Twelve copper human figures arranged in a half circle with a copper duck
Plate II — A Religious Hoard of Copper Objects From Tepe Hissar, Persia
Museum Object Numbers: 33-22-133C / 33-22-132 / 33-22-133B / 33-33-133A
Image Number: 85302

‘The victorious enemy were cheated of their loot. The fire which destroyed the unfortunate defenders, repelled the assailants. The flat mud covered roof, the burning wooden beams and poles of which collapsed, burned the victims and their belongings under the debris. About 3500 to 4000 years had passed when we found the evidences of their tragic end . . .

‘On the Main Mound we uncovered an extremely interesting hoard of presumably religious character. About a dozen small copper figurines of men, a little copper duck, small discs and small angular bowls of the same material [Plate 11] were scattered about in or mainly under the floor refuse of the last Hissar III deposit. Piles of copper braziers and conical caps of various sizes were associated with the statuettes.’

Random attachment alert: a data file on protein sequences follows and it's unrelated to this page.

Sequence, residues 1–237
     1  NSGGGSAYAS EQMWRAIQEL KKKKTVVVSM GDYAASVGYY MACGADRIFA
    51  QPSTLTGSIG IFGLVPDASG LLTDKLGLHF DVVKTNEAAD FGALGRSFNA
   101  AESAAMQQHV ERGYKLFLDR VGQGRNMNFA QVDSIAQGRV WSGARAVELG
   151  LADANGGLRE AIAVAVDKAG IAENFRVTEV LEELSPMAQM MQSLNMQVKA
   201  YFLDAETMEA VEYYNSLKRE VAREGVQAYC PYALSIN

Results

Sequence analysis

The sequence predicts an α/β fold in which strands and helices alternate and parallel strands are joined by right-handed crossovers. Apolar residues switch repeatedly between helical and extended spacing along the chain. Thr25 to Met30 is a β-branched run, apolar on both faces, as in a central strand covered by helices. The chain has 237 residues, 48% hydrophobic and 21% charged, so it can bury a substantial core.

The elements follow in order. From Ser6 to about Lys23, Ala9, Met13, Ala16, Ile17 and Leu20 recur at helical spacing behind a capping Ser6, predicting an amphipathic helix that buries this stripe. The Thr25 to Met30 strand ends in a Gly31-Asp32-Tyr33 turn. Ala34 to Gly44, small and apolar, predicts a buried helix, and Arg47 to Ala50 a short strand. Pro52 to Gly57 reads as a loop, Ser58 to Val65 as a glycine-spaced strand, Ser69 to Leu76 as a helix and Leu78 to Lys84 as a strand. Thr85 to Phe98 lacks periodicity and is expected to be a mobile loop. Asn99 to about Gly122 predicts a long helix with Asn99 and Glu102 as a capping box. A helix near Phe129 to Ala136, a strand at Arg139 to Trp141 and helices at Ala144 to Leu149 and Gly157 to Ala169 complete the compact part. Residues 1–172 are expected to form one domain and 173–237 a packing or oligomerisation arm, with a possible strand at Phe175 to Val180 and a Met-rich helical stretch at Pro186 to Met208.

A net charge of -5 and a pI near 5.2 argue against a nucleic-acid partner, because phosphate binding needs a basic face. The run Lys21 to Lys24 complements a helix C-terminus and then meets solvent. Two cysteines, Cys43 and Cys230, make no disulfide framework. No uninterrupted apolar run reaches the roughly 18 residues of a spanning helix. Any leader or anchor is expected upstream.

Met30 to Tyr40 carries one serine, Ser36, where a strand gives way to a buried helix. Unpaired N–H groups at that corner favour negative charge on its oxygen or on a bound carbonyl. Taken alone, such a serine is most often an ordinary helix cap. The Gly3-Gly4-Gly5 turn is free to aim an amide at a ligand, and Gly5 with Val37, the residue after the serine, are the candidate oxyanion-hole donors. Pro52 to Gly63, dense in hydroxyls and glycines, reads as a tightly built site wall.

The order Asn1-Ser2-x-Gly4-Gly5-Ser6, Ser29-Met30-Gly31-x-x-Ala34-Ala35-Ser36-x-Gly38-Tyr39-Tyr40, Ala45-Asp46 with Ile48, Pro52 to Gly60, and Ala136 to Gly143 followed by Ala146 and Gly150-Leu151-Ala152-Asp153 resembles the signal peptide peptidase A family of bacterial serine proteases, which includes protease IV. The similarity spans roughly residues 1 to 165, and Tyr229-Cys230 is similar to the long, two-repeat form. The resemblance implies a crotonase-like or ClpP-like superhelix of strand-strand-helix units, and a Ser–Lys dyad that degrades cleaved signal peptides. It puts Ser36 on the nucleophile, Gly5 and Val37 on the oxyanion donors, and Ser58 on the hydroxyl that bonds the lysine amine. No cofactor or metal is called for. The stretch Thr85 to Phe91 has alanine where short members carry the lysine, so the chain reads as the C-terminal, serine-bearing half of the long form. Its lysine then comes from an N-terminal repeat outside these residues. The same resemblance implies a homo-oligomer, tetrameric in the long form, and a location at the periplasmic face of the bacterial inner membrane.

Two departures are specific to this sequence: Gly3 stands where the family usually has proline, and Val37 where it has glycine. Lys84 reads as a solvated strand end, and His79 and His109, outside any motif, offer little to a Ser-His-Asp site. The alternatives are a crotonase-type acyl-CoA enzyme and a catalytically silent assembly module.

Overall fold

In the grave of a young woman, also of the Hissar III period, were discovered the frail silver vessels illustrated in Plate III. Dr. Schmidt says of these: ‘The little cup to the right is encircled with an incised floral pattern. The second, problematical receptacle is hour-glass shaped: a narrow aperture opens through the top, while the conical lid hangs at the side, attached to the body through oxidation, as are various beads. There are no traces of soot to suggest use as a lamp.’

Two silver vessels, one a cup and one an hourglass shape
Plate III — Silver Vessels From the Grave of a Young Woman, Tepe Hissar, Persia